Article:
Chapter 11: battles at Totopotomoy Creek and cold Harbor.
From the 21st to the 24th of May we were engaged in skirmishing, picket fighting, with now and then a charge.
On the morning of the 24th we crossed the North Anna River
, and about noon advanced in line, our regiment being on the left of Smith
Finding the rebels strongly intrenched on the edge of the woods, we charged across an open field and drove them out. It was one of the bravest acts of the war, but it counted for nothing.
As soon as we captured the works we sent word back that we must be reinforced or we could not hold them; but no one in the rear seemed to be in a hurry.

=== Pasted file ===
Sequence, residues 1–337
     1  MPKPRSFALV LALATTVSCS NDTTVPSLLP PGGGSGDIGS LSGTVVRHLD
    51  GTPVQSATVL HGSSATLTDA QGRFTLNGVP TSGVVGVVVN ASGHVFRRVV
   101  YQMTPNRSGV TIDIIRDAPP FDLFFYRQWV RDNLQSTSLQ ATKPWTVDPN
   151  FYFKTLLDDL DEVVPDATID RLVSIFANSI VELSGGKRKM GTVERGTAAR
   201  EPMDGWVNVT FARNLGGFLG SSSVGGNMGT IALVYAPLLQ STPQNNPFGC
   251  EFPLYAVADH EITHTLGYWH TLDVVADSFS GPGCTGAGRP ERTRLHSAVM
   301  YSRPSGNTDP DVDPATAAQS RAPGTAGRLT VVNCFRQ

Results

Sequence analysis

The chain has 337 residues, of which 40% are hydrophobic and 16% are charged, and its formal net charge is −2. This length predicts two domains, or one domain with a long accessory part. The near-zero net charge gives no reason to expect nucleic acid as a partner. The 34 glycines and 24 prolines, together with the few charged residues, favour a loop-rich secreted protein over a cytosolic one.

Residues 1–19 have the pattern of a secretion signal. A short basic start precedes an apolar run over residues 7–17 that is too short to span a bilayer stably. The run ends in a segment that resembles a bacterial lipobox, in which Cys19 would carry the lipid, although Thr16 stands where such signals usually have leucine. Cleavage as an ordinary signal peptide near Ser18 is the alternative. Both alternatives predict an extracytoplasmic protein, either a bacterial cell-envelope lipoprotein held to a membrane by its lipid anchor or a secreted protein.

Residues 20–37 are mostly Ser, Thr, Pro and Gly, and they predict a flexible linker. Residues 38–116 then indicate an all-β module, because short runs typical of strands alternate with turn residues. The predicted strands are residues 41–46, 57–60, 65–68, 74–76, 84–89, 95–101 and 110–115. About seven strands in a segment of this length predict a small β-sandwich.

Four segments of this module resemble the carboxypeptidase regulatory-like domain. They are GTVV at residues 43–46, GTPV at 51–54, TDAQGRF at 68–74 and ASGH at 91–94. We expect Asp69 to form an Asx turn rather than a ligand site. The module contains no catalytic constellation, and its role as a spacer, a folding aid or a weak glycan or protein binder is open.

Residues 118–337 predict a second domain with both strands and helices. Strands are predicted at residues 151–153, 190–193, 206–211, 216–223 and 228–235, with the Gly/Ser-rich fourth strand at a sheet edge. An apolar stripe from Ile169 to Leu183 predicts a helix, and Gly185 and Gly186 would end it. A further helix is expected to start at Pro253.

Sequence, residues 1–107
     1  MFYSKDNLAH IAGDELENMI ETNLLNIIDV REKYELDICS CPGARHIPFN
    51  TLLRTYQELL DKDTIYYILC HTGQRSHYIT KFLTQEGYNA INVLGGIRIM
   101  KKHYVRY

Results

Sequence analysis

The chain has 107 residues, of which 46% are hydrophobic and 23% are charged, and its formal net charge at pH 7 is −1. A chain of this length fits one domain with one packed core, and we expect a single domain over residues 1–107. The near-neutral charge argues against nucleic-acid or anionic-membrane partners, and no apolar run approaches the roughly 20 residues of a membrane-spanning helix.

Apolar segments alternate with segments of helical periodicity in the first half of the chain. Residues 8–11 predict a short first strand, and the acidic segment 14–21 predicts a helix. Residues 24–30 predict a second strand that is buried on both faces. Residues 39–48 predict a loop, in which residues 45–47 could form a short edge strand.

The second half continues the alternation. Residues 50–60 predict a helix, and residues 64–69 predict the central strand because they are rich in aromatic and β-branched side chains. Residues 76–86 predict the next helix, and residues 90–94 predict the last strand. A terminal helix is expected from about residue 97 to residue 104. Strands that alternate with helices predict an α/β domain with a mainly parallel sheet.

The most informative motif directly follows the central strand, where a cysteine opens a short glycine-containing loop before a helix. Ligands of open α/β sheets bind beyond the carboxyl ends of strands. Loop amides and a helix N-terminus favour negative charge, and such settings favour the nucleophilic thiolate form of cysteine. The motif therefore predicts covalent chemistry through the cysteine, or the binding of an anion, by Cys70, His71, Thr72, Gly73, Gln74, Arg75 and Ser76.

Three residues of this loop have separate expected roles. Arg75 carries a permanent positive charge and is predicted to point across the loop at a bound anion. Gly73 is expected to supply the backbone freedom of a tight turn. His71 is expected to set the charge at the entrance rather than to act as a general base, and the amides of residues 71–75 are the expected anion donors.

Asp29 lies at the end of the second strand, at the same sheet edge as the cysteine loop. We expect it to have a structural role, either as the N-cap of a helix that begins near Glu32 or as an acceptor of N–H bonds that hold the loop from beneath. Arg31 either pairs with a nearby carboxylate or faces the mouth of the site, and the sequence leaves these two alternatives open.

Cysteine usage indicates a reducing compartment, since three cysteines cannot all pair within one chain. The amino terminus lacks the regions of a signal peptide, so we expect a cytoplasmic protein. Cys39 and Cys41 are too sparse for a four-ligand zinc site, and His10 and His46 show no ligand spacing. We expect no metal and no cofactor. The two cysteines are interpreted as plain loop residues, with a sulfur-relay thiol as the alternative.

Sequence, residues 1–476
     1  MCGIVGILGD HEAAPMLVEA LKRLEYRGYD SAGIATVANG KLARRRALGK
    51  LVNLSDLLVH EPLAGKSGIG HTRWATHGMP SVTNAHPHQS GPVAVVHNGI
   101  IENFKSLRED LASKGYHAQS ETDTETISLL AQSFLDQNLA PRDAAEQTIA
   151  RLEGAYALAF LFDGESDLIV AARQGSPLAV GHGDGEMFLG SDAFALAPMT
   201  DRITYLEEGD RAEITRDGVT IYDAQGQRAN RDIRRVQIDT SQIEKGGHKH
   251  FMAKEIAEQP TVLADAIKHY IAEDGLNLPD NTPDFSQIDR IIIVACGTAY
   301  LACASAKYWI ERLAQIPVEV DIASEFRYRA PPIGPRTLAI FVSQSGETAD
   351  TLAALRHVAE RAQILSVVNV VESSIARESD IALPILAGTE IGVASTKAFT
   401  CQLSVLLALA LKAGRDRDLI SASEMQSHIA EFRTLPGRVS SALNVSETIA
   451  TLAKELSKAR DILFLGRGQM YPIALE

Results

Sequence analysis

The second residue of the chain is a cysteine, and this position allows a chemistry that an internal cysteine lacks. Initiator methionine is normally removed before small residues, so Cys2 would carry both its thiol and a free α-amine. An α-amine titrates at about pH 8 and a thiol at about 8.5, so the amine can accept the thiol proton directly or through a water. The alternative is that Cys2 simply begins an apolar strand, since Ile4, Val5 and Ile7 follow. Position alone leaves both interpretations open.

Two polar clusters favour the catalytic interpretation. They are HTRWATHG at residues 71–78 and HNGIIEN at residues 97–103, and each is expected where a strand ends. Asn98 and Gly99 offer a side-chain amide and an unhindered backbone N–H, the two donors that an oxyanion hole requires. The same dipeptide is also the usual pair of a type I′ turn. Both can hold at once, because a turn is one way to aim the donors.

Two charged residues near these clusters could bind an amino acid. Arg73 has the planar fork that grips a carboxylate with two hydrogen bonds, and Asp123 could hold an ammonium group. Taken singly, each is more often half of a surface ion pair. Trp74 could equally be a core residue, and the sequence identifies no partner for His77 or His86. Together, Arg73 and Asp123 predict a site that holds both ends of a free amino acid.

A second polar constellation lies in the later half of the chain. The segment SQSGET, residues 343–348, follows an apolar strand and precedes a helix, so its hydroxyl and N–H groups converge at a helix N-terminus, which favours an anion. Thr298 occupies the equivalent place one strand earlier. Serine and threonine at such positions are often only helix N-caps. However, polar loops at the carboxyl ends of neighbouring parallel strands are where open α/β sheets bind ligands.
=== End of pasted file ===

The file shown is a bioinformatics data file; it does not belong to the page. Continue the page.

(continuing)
We could hear the rebels reorganizing their men, and knew that we should be unable to resist the charge, as we were only a skirmish line.
I lay on the works by the side of Captain Hincks
Both of us had muskets, and resolved to make the best fight possible.
The rebels came in over the works at our left, at the same time advancing in front.
We waited until the skirmish line came so near that we could get a good shot.
said, “What is it, Jack
I said, “Legs.”
We covered our man, fired and fell back.
The rebels came on in force; we retreated until we came to a brook, and standing in the water used the bank for a breast-work, and held them until re-enforcements came up. A more angry set of men than we were never wore Union blue.